But songs (and movie or TV clips) can also be useful springboards for in-class assignments. All of the resources out there that have suggestions for media clips in economics (like Music for Econ, Movies for Econ, or The Economics of Seinfeld) will identify which economic concepts the clips address and have at least a short summary of what’s in the clip. A couple (ABBA to Zeppelin and Dirk’s site) also provide some specific follow-up questions that instructors could use in class. I thought it might be helpful for people to see specifically how I integrate media clips into my classes with those types of questions.
I’ve written up one example already for the Starting Point module on interactive lectures. In that one, students watch a clip from the Colbert Report that deals with externalities in the market for cashmere and then I ask them to draw the graph for that market, showing the external costs and identifying the private and social equilibria. In the 500-seat class, students responded to clicker questions about their graphs; in smaller classes, you could actually collect the graphs and grade them directly, or have students get into small groups to assess each other’s work.
In another example, I use the song “Big Yellow Taxi” to discuss cost-benefit analysis. I created the following video for the song (using the Counting Crows cover since I’m pretty sure my students have never heard the original!):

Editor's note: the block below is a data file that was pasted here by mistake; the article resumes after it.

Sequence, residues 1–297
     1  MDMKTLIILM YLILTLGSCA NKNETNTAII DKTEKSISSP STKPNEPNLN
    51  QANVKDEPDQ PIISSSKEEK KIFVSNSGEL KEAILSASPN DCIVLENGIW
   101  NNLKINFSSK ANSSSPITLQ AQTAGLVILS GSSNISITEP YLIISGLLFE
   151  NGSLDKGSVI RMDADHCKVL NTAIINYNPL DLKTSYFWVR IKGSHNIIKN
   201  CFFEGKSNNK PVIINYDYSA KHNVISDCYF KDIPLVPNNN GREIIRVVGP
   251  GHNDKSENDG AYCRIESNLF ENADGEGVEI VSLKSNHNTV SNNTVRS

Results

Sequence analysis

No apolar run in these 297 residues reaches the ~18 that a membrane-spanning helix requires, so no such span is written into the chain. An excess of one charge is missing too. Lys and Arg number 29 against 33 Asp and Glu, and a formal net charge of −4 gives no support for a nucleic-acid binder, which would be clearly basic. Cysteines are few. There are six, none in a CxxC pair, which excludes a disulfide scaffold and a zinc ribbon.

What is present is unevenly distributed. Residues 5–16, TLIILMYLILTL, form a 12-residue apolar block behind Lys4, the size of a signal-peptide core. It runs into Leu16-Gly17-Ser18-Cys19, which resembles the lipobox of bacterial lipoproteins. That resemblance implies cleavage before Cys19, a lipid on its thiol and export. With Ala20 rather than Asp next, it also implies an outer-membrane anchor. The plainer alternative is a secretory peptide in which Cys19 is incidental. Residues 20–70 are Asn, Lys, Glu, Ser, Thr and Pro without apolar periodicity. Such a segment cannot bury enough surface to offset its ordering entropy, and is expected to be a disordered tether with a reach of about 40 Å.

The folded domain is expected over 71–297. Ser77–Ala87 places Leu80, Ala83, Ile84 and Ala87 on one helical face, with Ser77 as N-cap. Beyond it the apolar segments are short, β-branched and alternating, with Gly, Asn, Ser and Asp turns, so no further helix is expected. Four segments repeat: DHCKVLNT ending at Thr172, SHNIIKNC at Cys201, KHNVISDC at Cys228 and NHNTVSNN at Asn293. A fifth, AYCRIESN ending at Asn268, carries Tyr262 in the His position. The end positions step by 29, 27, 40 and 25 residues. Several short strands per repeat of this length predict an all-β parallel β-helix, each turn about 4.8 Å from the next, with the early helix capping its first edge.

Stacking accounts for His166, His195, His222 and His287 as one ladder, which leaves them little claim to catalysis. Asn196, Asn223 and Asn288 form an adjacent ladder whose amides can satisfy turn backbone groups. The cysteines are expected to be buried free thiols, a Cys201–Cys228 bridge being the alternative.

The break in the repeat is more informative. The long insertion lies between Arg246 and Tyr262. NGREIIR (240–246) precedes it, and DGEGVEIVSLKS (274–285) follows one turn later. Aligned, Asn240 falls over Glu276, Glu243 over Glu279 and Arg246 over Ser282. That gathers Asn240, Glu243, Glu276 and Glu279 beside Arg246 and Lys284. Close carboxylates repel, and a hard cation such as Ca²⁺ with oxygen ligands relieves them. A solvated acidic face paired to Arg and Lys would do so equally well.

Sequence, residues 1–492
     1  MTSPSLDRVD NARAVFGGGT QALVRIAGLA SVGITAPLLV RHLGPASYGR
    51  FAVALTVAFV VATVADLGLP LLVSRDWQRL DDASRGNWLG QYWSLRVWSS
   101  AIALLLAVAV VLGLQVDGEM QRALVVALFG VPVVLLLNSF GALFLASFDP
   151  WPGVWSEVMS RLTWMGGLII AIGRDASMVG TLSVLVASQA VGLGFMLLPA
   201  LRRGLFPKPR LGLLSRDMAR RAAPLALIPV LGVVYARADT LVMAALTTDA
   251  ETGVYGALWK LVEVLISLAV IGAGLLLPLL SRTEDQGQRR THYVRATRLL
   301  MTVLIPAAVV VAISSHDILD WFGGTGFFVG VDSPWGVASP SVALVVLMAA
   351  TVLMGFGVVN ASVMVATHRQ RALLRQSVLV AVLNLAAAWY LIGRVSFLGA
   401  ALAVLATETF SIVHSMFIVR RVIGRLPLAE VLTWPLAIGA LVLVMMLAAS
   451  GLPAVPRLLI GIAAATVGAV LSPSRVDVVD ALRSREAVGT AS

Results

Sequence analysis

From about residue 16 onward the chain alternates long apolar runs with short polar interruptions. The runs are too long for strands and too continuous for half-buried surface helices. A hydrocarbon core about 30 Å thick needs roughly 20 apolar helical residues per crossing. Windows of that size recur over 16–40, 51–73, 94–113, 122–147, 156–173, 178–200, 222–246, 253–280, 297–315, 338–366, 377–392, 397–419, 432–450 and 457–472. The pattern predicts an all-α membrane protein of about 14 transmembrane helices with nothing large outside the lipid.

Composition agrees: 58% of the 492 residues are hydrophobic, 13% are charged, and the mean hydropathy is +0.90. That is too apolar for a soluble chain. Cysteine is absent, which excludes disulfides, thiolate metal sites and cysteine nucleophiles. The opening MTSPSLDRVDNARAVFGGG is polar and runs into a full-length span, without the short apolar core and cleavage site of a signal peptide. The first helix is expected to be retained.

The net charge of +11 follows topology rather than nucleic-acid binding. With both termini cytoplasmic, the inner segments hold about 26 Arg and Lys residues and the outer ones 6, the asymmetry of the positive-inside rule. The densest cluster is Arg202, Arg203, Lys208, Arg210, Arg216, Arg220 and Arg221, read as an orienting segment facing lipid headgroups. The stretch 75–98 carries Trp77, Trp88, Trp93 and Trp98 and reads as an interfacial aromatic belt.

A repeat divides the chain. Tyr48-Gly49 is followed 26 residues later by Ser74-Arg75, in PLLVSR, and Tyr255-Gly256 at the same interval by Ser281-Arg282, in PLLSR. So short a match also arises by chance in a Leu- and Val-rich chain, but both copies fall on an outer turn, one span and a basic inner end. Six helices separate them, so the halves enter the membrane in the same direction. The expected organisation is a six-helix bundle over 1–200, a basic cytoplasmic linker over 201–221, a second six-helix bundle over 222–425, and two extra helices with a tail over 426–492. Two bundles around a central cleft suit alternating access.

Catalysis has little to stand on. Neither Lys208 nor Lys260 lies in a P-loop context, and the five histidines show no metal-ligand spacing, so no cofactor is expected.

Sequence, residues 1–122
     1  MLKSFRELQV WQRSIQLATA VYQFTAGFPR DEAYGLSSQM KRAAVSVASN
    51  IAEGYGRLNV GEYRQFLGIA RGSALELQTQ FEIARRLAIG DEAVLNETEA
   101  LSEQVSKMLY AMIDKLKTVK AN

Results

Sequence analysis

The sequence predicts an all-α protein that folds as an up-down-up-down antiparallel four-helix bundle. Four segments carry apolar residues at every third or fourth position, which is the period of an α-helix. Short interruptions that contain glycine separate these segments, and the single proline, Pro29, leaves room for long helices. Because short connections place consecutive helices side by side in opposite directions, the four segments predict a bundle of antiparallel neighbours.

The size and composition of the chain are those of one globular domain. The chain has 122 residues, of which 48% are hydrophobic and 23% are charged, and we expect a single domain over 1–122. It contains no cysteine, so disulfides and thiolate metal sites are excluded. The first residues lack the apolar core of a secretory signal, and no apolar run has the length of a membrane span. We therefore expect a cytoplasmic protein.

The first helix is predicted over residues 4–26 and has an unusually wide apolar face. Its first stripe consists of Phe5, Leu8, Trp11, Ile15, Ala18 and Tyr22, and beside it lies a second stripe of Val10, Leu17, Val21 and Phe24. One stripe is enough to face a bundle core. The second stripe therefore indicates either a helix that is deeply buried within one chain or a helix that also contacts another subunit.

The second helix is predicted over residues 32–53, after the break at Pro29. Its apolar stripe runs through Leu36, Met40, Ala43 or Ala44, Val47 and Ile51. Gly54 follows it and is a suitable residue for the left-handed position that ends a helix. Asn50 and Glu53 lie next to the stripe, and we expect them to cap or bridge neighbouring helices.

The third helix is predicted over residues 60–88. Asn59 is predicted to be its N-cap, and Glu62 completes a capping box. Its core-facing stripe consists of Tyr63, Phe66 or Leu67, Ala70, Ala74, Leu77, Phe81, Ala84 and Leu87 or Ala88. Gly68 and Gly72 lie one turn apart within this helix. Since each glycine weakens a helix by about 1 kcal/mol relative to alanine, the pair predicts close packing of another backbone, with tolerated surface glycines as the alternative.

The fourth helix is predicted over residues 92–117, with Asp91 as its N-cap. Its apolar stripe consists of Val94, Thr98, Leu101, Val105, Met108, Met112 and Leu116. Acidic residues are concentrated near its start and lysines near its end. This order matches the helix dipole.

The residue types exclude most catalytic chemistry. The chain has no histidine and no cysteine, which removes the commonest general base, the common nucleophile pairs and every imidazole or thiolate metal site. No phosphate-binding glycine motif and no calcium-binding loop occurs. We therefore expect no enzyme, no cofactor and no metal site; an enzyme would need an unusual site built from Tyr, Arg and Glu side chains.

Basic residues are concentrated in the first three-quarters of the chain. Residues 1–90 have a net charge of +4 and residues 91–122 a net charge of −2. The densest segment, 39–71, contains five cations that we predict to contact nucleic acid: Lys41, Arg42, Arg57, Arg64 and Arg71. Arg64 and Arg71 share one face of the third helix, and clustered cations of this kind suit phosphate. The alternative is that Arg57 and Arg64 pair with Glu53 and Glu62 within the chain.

(note: if you watch the whole thing, you'll notice it goes on for a while at the end - I usually manually fade it out in class)
Most of the time, I play the video as students are coming into class on the day after we have discussed marginal versus sunk costs (so they are already familiar with the basic definitions). I then start the class by handing out a sheet with the full lyrics and have them answer some questions (most of which are also asked in the video), identifying the costs in the song. For classes where students are working in teams, they answer the questions on a team worksheet (you can see the specific worksheet I use here); in a larger class or without teams, you could ask the questions using clickers or with a think-pair-share approach.
Even if you just use songs or film/TV clips as simple examples to spice up your lecture, they are typically much more engaging for students than talking about corn and wheat, but if you can get them to do something with the content from those clips, it can be even more effective.